Producers will put more cows on, but cautiously

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The nation’s milking herd has completed its contraction phase and has begun the process of growth, according to Eric Meyer, president, HighGround Dairy. But don’t expect a huge jump right away.

“The strongest income-over-feed margins in U.S. history are about to bestow themselves upon the nation’s dairy farmers,” Meyer writes. “However, herd growth may be conducted at a cautious pace early on in many areas of the country as dairymen become more conservative with their fiscal approach during this bullish cycle.”

Still, with such extremely favorable margins beginning to show up on dairy farmers’ milk checks, Meyer says he anticipates this growth phase to accelerate in the coming months.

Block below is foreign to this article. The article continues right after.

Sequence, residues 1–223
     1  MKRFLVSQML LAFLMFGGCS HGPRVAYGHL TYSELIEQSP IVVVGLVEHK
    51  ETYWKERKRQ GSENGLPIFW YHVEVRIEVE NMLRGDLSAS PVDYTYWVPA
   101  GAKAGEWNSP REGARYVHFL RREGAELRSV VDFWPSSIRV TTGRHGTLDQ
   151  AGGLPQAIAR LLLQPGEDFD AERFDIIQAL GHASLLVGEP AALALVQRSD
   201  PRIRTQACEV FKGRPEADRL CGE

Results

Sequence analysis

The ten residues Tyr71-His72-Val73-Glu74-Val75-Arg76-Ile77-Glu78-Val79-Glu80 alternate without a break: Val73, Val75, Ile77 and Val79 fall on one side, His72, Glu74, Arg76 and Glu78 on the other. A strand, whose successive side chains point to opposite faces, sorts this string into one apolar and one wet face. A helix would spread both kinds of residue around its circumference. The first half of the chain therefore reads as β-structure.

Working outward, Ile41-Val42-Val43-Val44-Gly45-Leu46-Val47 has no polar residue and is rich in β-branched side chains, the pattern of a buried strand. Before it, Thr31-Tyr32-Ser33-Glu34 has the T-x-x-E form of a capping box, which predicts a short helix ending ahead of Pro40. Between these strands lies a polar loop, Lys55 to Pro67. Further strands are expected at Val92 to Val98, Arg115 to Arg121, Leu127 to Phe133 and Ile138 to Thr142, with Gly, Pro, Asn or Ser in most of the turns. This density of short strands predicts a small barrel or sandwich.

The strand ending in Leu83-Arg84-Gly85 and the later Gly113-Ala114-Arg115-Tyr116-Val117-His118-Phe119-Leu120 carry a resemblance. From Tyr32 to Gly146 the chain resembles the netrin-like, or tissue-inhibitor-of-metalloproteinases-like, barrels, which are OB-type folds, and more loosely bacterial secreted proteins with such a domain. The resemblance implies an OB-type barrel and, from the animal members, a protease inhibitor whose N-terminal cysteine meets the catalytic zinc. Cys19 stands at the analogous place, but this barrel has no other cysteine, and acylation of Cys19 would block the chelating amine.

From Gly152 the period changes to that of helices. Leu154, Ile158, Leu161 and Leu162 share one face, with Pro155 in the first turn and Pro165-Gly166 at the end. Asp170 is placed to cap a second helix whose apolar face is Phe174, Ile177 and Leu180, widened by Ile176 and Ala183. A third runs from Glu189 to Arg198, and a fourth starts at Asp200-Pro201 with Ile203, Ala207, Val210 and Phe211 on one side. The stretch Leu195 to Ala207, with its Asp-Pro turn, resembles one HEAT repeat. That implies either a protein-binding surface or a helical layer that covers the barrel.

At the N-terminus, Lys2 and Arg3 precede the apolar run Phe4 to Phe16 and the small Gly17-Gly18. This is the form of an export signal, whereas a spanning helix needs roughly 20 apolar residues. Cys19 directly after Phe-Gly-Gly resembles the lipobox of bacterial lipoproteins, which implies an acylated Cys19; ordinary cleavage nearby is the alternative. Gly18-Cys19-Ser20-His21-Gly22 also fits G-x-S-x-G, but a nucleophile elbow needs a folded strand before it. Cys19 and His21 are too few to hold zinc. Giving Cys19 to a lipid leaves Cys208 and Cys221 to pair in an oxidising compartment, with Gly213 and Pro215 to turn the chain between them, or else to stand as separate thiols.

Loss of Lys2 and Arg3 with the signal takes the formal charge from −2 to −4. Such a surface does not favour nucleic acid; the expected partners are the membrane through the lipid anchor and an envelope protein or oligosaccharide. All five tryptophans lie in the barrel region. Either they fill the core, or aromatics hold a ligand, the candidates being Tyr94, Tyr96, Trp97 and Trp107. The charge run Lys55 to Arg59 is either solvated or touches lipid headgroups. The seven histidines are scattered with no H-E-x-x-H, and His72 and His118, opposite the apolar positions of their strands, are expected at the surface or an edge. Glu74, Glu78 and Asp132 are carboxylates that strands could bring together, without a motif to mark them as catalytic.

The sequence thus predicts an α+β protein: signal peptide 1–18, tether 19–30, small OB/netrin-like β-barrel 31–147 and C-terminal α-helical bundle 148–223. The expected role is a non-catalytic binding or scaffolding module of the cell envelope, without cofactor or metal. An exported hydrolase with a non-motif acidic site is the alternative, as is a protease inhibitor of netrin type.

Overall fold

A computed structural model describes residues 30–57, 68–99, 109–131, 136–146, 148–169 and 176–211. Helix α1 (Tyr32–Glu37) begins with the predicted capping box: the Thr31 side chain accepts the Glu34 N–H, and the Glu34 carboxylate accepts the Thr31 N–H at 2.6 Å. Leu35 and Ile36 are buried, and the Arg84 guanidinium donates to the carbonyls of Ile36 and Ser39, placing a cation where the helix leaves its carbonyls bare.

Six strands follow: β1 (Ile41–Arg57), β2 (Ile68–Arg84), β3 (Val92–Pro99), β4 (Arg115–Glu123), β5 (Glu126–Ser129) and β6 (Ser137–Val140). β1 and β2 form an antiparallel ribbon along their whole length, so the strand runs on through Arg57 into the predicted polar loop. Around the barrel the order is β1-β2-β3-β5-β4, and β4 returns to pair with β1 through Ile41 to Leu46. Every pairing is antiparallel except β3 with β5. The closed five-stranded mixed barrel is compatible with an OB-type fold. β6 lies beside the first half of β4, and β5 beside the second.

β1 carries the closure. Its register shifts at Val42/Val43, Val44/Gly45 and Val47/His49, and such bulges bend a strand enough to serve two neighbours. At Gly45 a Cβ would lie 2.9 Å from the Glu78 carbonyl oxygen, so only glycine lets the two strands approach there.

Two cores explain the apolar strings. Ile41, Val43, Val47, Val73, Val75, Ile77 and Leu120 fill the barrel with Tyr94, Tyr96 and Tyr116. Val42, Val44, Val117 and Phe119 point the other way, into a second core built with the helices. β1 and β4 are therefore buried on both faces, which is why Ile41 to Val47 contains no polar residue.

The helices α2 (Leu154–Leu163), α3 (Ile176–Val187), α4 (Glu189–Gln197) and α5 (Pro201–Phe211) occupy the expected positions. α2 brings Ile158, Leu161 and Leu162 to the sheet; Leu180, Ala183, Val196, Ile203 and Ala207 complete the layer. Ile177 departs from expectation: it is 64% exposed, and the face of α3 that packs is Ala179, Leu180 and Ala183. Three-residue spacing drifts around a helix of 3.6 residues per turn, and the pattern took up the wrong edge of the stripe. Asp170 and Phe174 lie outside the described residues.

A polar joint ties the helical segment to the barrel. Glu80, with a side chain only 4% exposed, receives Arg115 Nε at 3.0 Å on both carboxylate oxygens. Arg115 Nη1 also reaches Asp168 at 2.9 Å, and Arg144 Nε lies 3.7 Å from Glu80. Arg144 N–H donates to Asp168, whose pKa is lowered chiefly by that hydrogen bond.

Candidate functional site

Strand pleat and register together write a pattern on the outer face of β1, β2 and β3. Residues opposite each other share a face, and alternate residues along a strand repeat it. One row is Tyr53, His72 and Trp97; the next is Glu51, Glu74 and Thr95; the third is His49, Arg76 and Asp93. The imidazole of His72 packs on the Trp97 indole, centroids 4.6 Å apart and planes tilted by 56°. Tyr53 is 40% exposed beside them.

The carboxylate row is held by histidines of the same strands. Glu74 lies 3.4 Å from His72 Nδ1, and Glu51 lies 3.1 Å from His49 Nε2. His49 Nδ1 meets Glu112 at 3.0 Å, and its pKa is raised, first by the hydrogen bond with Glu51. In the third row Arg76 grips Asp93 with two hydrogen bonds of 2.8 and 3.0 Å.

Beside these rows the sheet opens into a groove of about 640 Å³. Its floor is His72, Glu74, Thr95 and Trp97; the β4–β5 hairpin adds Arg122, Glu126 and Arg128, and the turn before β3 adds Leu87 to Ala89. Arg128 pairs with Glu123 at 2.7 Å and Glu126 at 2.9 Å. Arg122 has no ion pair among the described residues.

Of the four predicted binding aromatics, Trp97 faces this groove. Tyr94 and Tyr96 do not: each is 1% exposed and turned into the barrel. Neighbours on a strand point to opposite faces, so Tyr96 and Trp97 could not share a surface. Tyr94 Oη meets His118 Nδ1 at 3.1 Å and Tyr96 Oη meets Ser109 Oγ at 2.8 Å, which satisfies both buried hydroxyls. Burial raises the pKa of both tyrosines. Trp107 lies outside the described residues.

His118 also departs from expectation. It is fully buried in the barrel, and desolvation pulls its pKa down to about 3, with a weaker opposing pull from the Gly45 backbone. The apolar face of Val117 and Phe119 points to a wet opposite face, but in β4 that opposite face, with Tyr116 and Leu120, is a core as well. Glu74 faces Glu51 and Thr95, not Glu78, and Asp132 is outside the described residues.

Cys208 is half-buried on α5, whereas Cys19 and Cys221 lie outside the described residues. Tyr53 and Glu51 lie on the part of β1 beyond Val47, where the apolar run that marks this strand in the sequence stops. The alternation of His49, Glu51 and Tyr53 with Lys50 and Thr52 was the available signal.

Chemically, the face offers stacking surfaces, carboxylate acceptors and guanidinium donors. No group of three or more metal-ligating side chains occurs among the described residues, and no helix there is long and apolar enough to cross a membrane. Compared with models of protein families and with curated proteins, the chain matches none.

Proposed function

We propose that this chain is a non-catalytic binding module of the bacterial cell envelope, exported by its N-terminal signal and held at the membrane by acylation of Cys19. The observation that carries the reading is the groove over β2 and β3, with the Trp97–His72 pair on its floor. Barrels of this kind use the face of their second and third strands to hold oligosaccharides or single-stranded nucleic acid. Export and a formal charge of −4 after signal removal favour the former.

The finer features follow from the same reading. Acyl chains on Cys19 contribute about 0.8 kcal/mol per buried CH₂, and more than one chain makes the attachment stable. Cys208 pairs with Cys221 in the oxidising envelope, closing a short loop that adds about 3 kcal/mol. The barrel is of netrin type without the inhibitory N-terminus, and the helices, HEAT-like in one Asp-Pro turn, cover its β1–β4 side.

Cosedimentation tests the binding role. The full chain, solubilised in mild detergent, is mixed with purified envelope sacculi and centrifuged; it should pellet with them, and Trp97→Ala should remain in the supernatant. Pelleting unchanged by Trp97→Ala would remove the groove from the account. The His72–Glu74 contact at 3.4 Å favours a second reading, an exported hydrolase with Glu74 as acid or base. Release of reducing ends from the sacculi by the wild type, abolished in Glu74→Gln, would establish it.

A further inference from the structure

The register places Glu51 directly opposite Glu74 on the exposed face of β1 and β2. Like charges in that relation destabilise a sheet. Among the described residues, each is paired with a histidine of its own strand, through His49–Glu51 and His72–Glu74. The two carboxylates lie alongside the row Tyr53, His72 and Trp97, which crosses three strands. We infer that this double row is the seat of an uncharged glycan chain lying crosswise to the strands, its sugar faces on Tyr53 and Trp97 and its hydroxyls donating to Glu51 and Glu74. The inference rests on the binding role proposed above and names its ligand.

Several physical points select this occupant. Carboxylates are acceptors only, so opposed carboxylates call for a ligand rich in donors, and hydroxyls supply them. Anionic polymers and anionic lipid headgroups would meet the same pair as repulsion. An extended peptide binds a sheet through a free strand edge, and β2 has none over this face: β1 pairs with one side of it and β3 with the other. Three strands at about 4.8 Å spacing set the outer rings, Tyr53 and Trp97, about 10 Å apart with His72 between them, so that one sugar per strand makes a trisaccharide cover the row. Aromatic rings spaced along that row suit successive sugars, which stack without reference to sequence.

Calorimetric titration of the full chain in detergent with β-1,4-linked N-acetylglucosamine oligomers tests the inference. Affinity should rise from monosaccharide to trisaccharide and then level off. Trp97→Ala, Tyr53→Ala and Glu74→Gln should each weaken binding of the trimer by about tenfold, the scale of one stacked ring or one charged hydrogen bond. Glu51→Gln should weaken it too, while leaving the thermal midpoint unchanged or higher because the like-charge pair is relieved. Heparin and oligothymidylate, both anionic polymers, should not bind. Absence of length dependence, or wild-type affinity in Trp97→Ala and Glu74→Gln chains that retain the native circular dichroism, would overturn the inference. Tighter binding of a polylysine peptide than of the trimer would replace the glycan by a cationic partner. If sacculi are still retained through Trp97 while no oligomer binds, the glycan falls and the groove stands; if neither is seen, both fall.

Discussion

And yogurt production plays a role in how many cows get put on and where. As dairy analyst Jerry Dryer recently pointed out in his Dairy & Food Market Analyst newsletter, Glanbia just laid off 5 percent of its 1,100 employees, citing a shortfall in the milk supply. And the most recent Milk Production figures from USDA do show that milk production is down in Idaho. But, as Dryer, notes, the cause is Chobani.

“Yogurt is worth more than cheese milk and Chobani has shifted some production from New York to Idaho where milk is about three dollars cheaper,” Dryer notes. “Bingo. Less milk for cheese.”



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